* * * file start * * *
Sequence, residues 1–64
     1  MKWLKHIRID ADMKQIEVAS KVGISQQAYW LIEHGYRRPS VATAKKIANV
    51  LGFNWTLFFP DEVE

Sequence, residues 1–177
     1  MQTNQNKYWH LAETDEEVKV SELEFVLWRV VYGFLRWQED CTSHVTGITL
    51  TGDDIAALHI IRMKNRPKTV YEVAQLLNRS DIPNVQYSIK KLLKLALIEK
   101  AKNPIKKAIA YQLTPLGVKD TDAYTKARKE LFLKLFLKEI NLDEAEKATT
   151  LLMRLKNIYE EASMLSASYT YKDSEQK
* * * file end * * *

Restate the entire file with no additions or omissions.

Sequence, residues 1–64
     1  MKWLKHIRID ADMKQIEVAS KVGISQQAYW LIEHGYRRPS VATAKKIANV
    51  LGFNWTLFFP DEVE

Sequence, residues 1–177
     1  MQTNQNKYWH LAETDEEVKV SELEFVLWRV VYGFLRWQED CTSHVTGITL
    51  TGDDIAALHI IRMKNRPKTV YEVAQLLNRS DIPNVQYSIK KLLKLALIEK
   101  AKNPIKKAIA YQLTPLGVKD TDAYTKARKE LFLKLFLKEI NLDEAEKATT
   151  LLMRLKNIYE EASMLSASYT YKDSEQK